By Stephen Nellis and Ayanti Bera
(Reuters) – The incoming chief executive of Intel Corp said on Thursday that most of the company’s 2023 products will be made in the company’s factories but outlined a dual-track future in which Intel will lean more heavily on outside factories.
Intel last week named Pat Gelsinger of VMware Inc as its incoming chief executive effective Feb. 15 as it grapples with delays in its 7-nanometer chip manufacturing technology.
On an earnings call on Thursday, Gelsinger said he had reviewed the company’s manufacturing operations over the previous week and was “confident that the majority of our 2023 products will be manufactured internally” though he also said that Intel’s use of outside chip factories is likely to increase “for certain technologies and products.”
For a half century, Intel has insisted that both designing and fabricating its own chips led to the best-performing products, especially for its flagship processor chips, a tenet of faith called into question after Intel lost its lead in manufacturing technology. However, the company has also long used outside partners such as Taiwan Semiconductor Manufacturing Co for some of its products, from its Mobileye self-driving car unit to its forthcoming consumer graphics chips.
“There is enormous opportunity ahead for Intel. But to be able to seize these opportunities, we have to deliver the best products and stay ahead of our customers’ needs. We need to become more agile in a very competitive market,” Gelsinger said on the call.
Gelsinger said he would give more details on which chips would be made internally once taking over as chief executive.
Intel on Thursday also forecast first-quarter revenue and profit above Wall Street expectations, continuing to benefit from high demand for laptops and PCs that have powered the shift to working and playing from home.
Intel said fourth-quarter sales from its PC chip business were $10.9 billion, compared with analyst estimates of $9.57 billion, according to FactSet data.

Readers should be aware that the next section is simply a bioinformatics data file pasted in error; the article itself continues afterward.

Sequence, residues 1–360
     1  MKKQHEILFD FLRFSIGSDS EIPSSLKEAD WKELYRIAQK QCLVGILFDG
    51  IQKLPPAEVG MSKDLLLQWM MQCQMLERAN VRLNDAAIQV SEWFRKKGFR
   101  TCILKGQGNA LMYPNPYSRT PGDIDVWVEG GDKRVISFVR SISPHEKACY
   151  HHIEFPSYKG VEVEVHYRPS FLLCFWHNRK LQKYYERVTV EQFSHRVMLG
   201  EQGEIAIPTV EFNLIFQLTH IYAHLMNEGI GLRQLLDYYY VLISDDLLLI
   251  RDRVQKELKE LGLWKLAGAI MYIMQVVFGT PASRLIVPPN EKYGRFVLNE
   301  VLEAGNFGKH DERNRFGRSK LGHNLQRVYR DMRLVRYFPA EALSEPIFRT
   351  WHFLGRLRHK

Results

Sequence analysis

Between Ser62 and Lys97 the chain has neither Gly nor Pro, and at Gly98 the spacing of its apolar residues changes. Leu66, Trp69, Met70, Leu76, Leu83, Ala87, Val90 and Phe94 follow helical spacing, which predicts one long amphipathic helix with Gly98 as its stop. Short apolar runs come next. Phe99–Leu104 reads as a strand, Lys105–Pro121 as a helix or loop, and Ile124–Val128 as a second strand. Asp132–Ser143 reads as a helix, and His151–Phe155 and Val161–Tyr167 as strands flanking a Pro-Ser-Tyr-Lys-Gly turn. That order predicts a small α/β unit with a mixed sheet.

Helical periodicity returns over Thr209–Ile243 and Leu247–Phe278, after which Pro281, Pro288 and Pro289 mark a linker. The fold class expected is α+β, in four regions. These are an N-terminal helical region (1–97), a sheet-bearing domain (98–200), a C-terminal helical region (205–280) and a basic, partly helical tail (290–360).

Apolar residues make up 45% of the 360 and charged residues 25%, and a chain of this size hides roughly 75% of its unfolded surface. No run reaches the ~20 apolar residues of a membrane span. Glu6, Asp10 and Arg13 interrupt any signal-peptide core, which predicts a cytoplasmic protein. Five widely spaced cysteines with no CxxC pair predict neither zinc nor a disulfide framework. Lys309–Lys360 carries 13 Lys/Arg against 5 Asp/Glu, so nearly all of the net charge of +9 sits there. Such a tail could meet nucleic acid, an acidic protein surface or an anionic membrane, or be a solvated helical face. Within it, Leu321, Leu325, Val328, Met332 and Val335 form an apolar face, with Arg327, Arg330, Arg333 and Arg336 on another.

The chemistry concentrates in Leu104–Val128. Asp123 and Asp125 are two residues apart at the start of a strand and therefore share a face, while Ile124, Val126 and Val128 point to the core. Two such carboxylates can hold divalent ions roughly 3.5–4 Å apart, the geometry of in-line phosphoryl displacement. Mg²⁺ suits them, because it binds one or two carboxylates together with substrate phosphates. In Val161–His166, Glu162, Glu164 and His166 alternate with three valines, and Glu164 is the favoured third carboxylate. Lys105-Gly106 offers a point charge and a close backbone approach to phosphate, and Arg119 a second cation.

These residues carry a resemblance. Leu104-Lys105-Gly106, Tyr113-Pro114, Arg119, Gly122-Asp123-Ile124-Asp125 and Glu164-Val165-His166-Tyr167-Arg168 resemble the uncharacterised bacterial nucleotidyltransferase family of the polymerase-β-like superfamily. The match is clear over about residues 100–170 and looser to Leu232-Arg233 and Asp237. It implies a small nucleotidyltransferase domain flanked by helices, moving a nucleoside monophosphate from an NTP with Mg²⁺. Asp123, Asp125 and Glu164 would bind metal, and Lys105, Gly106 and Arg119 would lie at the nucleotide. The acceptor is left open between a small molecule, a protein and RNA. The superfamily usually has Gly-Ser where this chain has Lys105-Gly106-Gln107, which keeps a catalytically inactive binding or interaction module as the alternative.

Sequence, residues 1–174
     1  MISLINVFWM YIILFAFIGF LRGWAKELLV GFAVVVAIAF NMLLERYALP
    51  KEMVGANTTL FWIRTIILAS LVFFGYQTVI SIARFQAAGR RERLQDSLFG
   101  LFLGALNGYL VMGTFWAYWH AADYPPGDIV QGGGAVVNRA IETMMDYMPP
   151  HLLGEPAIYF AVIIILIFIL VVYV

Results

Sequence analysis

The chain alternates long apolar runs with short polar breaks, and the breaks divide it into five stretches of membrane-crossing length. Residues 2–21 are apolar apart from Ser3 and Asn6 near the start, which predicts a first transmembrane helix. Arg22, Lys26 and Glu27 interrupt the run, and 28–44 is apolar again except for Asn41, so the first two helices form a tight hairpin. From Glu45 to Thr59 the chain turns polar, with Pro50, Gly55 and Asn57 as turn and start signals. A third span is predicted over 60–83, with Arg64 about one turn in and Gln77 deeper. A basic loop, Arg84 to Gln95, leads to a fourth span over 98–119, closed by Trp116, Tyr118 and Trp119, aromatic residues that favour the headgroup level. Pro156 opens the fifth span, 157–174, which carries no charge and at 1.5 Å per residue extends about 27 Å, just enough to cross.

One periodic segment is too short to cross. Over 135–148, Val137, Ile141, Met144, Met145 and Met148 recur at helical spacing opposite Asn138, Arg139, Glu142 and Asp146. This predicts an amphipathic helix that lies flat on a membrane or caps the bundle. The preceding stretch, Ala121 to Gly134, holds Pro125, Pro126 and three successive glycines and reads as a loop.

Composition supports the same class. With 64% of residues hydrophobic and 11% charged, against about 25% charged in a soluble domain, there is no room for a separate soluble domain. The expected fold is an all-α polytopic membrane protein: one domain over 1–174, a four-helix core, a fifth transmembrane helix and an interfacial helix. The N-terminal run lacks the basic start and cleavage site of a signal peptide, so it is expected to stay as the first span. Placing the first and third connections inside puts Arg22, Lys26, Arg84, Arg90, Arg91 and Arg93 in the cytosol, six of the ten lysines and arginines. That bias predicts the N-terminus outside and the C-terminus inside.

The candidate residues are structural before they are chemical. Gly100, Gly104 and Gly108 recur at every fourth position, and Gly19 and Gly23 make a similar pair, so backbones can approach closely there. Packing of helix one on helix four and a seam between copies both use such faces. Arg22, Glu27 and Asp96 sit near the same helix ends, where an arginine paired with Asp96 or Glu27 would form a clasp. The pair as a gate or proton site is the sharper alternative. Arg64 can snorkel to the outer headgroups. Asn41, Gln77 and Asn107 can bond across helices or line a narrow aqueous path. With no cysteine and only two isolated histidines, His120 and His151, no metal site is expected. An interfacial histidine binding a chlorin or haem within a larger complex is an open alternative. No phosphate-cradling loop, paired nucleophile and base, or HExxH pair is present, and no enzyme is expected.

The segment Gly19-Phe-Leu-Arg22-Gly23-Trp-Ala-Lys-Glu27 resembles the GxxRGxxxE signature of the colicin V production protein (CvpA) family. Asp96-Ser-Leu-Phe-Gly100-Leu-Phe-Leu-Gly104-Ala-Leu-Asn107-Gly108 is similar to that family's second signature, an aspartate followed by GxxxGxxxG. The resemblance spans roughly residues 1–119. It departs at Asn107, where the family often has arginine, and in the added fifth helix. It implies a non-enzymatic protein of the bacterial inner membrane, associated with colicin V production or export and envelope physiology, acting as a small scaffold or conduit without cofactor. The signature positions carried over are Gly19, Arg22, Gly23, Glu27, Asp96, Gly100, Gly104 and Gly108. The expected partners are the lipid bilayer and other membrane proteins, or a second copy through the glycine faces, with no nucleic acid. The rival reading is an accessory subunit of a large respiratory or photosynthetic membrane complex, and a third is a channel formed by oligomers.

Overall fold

Data center group sales, which powered Intel’s growth over the past several years, were $6.1 billion compared with analyst estimates of $5.48 billion, according to FactSet data. But sales to cloud computing customers, some of the largest and fastest-growing purchasers of data center chips, were down 15% in the fourth quarter. This is the second quarter in a row of decline and part of a what Intel’s Chief Financial Officer George Davis called a pattern where customers buy large volumes of chips and then “digest” the purchases over several quarters. Data center chip operating margins were 34% in the quarter, down from 48% a year earlier.
“We think (data center) operating margins are going to improve as we get toward the second half of the year, when we expect to see a rebound in cloud” chip sales, Davis said, adding that it was too early to tell if the recovery would come in the first or second quarter of 2021.
Fourth-quarter revenues and adjusted earnings per share both topped Wall Street targets, according to IBES data from Refinitiv. The company also raised its dividend by 5%.
Davis told Reuters in an interview that the company’s 10-nanometer chip production volume will be larger than its 14-nanometer chip production volume in the second half of 2021. Intel had previously told investors that the crossover point would happen this year but did not say when.
Intel, for decades the biggest maker of computing chips for data centers and PCs, is grappling with technology delays in its manufacturing operations and said in July it was debating whether to outsource more of its 2023 product lineup.
Intel regained some momentum in the PC market, with volumes of PC chips rising 33%, a greater increase than the overall PC market shipment rise of 26% in the same quarter, according to data from IDC. It had released new “Tiger Lake” chips for high-end PCs for the holiday shopping season.
While Intel’s data center unit beat expectations, chip volumes declined 9%, driven by a dropoff in purchases by cloud computing service providers.
The chipmaker said it expects fiscal first-quarter adjusted sales of $17.5 billion and adjusted earnings per share of $1.10. Analysts average estimates were for $16.06 billion revenue and 93 cents earnings per share, according to IBES data from Refinitiv.
The company reported fourth-quarter revenue of $20 billion, beating estimates of $17.5 billion. Adjusted earnings per share in the fourth quarter of $1.52 topped the analyst consensus of $1.10.
(Reporting by Stephen Nellis in San Francisco, Ayanti Bera in Bengaluru and Peter Henderson in Oakland; Editing by Sriraj Kalluvila and Diane Craft)